AI-driven voice cloning can make things far too easy for scammers – I know because I’ve tested it so that you don’t have to learn about the risks the hard way.
22 Nov 2023 • , 6 min. read
The recent theft of my voice brought me to a new fork in the road in terms of how AI already has the potential of causing social disruption. I was so taken aback by the quality of the cloned voice (and in that extremely clever, yet comedic, style by one of my colleagues) that I decided to use the same software for “nefarious” purposes and see how far I could go in order to steal from a small business – with permission, of course! Spoiler alert: it was surprisingly easy to carry out and took hardly any time at all.
“AI is likely to be either the best or worst thing to happen to humanity.” – Stephen Hawking
Indeed, since the concept of AI became more mainstream in fictional films such as Blade Runner and The Terminator, people have questioned the relentless possibilities of what the technology could go on to produce. However, only now with powerful databases, increasing computer power, and media attention have we seen AI hit a global audience in ways that are both terrifying and exciting in equal measure. With technology such as AI prowling among us, we are extremely likely to see creative and rather sophisticated attacks take place with damaging results.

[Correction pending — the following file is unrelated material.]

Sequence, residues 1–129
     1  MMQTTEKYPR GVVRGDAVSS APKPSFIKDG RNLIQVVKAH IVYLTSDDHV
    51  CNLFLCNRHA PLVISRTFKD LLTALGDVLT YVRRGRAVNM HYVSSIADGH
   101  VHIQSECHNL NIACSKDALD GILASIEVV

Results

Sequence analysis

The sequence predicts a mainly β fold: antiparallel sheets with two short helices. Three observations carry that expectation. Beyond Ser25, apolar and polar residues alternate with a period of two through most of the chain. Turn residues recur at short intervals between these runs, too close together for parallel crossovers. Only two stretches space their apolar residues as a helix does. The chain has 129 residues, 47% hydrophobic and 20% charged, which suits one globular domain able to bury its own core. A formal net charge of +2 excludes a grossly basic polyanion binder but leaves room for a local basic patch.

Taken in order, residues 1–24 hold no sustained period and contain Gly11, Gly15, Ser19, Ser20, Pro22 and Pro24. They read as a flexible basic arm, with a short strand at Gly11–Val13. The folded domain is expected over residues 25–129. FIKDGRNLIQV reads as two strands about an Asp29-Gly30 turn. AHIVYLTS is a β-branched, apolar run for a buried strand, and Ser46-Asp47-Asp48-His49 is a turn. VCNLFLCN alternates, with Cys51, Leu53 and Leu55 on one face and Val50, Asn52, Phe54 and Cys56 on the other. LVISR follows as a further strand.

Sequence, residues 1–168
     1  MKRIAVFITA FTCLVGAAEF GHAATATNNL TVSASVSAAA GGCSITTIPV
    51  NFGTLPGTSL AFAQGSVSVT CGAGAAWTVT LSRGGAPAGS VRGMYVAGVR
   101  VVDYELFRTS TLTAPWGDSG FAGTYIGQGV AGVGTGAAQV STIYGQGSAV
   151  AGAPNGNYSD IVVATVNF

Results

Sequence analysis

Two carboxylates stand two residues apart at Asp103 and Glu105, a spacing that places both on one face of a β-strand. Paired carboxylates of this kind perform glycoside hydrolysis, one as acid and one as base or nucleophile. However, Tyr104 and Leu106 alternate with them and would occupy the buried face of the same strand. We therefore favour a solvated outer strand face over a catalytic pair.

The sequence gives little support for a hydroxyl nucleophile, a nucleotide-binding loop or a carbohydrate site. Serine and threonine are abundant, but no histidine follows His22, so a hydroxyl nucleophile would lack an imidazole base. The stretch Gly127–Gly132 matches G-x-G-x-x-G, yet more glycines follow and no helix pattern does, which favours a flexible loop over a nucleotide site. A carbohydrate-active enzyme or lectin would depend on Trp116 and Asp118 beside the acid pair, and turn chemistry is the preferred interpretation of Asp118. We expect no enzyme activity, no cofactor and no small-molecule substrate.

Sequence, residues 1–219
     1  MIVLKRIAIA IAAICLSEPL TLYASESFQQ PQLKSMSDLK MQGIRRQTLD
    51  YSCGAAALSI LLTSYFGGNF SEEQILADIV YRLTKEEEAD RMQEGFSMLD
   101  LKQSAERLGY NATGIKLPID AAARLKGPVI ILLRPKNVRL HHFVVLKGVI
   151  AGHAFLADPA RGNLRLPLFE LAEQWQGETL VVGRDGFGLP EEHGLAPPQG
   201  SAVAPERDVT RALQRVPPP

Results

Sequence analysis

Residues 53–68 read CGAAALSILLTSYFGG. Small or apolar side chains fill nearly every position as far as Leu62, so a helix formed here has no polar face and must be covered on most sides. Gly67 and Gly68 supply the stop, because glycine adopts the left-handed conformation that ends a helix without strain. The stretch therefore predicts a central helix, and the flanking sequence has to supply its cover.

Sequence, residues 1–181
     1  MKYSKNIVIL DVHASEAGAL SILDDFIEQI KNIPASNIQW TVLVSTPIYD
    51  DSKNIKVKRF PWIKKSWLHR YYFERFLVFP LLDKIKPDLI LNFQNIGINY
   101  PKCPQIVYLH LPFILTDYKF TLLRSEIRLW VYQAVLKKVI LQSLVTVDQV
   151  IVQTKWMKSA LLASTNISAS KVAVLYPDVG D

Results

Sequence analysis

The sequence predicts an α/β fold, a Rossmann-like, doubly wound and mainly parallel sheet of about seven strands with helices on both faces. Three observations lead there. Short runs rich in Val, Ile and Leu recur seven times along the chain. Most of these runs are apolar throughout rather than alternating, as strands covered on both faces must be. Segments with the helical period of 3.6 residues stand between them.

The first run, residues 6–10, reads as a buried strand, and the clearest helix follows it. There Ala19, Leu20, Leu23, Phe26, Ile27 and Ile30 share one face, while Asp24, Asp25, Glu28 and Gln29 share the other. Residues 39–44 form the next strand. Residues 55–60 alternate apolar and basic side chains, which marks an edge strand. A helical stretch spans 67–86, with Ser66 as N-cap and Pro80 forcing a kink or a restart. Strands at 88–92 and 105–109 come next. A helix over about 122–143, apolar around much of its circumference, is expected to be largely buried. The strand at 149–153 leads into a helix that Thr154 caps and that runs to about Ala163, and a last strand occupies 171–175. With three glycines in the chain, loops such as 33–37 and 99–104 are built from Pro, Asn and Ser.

Voice cloning escapade
My previous roles in the police force instilled in me the mindset to attempt to think like a criminal. This approach has some very tangible and yet underappreciated benefits: the more one thinks and even acts like a criminal (without actually becoming one), the better protected one can be. This is absolutely vital in keeping up to date with the latest threats as well as foreseeing the trends to come.
So, to test some of AI’s current abilities, I have once again had to take on the mindset of a digital criminal and ethically attack a business!
I recently asked a contact of mine – let’s call him Harry – if I could clone his voice and use it to attack his company. Harry agreed and allowed me to start the experiment by creating a clone of his voice using readily available software. Luckily for me, getting hold of Harry’s voice was relatively simple – he often records short videos promoting his business on his YouTube channel, so I was able to stitch together a few of these videos in order to make a good audio test bed. Within a few minutes, I had generated a clone of Harry’s voice, which sounded just like him to me, and I was then able to write anything and have it played back in his voice.
To up the ante, I also decided to add authenticity to the attack by stealing Harry’s WhatsApp account with the help of a SIM swap attack – again, with permission. I then sent a voice message from his WhatsApp account to the financial director of his company – let’s call her Sally – requesting a £250 payment to a “new contractor”. At the time of the attack, I knew he was on a nearby island having a business lunch, which gave me the perfect story and opportunity to strike.
The voice message included where he was and that he needed the “floor plan guy” paid, and said that he would send the bank details separately straight after. This added the verification from the sound of his voice on top of the voice message being added to Sally’s WhatsApp thread, which was enough to convince her that the request was genuine. Within 16 minutes of the initial message I had £250 sent to my personal account.